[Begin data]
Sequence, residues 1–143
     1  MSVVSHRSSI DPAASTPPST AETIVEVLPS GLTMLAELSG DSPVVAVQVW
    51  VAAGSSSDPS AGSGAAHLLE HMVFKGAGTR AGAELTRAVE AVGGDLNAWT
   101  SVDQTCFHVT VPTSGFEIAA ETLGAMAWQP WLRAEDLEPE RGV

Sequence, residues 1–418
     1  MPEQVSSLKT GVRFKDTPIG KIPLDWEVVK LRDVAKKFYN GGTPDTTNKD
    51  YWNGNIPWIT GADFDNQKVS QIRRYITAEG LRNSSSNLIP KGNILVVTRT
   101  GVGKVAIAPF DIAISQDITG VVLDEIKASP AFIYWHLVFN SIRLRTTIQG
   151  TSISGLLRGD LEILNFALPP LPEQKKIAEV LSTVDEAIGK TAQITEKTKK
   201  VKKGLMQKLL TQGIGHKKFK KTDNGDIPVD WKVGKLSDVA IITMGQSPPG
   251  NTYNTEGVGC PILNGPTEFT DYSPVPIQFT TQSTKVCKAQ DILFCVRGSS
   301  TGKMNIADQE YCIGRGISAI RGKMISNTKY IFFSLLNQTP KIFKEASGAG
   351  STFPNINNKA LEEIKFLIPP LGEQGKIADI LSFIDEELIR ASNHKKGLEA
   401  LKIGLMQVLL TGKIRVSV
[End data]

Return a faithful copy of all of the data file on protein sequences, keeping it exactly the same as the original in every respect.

Sequence, residues 1–143
     1  MSVVSHRSSI DPAASTPPST AETIVEVLPS GLTMLAELSG DSPVVAVQVW
    51  VAAGSSSDPS AGSGAAHLLE HMVFKGAGTR AGAELTRAVE AVGGDLNAWT
   101  SVDQTCFHVT VPTSGFEIAA ETLGAMAWQP WLRAEDLEPE RGV

Sequence, residues 1–418
     1  MPEQVSSLKT GVRFKDTPIG KIPLDWEVVK LRDVAKKFYN GGTPDTTNKD
    51  YWNGNIPWIT GADFDNQKVS QIRRYITAEG LRNSSSNLIP KGNILVVTRT
   101  GVGKVAIAPF DIAISQDITG VVLDEIKASP AFIYWHLVFN SIRLRTTIQG
   151  TSISGLLRGD LEILNFALPP LPEQKKIAEV LSTVDEAIGK TAQITEKTKK
   201  VKKGLMQKLL TQGIGHKKFK KTDNGDIPVD WKVGKLSDVA IITMGQSPPG
   251  NTYNTEGVGC PILNGPTEFT DYSPVPIQFT TQSTKVCKAQ DILFCVRGSS
   301  TGKMNIADQE YCIGRGISAI RGKMISNTKY IFFSLLNQTP KIFKEASGAG
   351  STFPNINNKA LEEIKFLIPP LGEQGKIADI LSFIDEELIR ASNHKKGLEA
   401  LKIGLMQVLL TGKIRVSV